As an eight-year-old girl, Ifrah Ahmed endured female genital mutilation in her native Somalia. Now a new film shows how she is fighting to end the practice. “I don’t want to be a victim,” the 32-year-old activist tells The Guardian. “I want to be a voice.”
Ahmed is one of the first women to speak out publicly about female genital mutilation in Somalia, where an estimated that 98 percent of women have undergone the brutal ritual, according to The Guardian. The film about her personal journey, A Girl from Mogadishu, will have its North American premiere on July 21 at Women in the World’s inaugural 51Fest in New York.
Ahmed is determined to break the silence surrounding FGM in Somalia, where she runs a foundation lobbying the government to make the practice illegal, as well as community programs to help educate families about the dangers of the deeply rooted tradition. “When only women are in the room, they all agree FGM is a problem,” she says. “But if there is even one man there, they won’t speak out.”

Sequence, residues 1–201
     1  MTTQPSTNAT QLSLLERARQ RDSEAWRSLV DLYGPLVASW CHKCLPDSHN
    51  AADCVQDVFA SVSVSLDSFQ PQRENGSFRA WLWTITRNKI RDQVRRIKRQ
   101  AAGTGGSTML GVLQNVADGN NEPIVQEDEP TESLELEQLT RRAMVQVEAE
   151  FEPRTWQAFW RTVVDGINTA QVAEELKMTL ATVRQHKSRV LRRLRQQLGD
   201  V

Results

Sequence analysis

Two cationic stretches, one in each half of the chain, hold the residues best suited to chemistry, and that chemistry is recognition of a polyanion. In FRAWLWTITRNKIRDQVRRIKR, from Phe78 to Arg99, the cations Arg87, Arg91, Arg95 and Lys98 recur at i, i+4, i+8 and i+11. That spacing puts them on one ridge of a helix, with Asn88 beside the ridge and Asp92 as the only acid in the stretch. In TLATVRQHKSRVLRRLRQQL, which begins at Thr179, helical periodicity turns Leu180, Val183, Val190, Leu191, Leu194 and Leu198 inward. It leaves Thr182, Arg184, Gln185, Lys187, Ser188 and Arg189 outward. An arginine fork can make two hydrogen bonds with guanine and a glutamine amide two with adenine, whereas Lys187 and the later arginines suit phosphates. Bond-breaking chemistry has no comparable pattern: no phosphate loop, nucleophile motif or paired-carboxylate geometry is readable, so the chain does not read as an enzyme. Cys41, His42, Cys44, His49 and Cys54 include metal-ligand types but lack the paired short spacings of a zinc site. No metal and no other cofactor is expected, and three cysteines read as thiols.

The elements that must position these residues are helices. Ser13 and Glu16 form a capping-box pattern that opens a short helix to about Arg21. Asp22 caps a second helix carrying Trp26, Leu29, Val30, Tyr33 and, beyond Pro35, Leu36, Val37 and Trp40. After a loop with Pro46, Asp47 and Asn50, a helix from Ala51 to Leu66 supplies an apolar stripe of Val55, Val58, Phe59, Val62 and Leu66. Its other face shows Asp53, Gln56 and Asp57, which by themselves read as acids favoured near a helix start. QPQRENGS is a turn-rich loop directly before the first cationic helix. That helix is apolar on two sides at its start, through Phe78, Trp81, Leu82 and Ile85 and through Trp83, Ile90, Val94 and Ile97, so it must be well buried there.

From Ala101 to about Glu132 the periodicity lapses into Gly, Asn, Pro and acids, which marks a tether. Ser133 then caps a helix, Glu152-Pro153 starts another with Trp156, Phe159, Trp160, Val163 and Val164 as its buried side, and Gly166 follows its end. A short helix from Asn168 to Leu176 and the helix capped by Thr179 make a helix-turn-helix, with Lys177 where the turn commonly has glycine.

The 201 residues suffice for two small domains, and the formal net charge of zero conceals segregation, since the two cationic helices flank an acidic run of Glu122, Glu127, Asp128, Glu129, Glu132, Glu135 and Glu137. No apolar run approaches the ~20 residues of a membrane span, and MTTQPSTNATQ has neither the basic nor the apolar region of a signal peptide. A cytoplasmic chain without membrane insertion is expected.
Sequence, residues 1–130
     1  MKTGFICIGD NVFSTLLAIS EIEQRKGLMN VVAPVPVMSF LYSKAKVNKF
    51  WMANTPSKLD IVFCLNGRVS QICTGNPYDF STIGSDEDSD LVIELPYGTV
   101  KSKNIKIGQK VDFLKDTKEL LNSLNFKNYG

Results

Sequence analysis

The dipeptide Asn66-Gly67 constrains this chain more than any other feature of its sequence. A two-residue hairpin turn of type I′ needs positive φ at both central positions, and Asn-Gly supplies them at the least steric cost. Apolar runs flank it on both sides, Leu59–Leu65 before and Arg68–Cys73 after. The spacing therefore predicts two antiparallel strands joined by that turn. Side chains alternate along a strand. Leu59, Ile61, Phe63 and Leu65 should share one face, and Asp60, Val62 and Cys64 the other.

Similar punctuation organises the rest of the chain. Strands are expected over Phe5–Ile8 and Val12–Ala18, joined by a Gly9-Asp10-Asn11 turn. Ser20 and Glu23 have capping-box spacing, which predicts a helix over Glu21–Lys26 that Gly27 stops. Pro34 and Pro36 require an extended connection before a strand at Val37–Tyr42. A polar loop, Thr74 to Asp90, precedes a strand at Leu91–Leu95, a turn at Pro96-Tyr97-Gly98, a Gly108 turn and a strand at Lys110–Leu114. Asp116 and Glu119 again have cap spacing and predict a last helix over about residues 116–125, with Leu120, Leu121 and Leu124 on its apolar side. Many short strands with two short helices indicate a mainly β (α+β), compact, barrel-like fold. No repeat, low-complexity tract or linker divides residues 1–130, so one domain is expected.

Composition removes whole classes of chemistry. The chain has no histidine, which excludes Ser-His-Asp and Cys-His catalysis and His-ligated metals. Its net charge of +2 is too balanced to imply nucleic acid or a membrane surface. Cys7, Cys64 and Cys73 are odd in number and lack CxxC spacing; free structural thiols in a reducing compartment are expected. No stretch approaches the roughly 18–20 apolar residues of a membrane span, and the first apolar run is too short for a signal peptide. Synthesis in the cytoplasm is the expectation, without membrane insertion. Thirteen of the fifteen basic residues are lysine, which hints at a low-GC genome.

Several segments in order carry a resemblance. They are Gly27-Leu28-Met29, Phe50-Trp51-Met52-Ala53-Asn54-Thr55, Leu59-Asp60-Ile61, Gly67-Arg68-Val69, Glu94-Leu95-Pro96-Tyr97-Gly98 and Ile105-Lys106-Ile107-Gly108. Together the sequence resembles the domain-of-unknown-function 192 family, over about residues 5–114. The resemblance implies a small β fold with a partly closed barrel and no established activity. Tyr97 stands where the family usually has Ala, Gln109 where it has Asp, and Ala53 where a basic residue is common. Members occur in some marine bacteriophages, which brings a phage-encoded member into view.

Ahmed hopes the movie raises awareness globally. “I want this movie to travel the world,” she says. “I want to reach the decision makers, the leaders, and the young people who are the future. What happened to me cannot be changed. My past is my past. But what I can do is change the future.”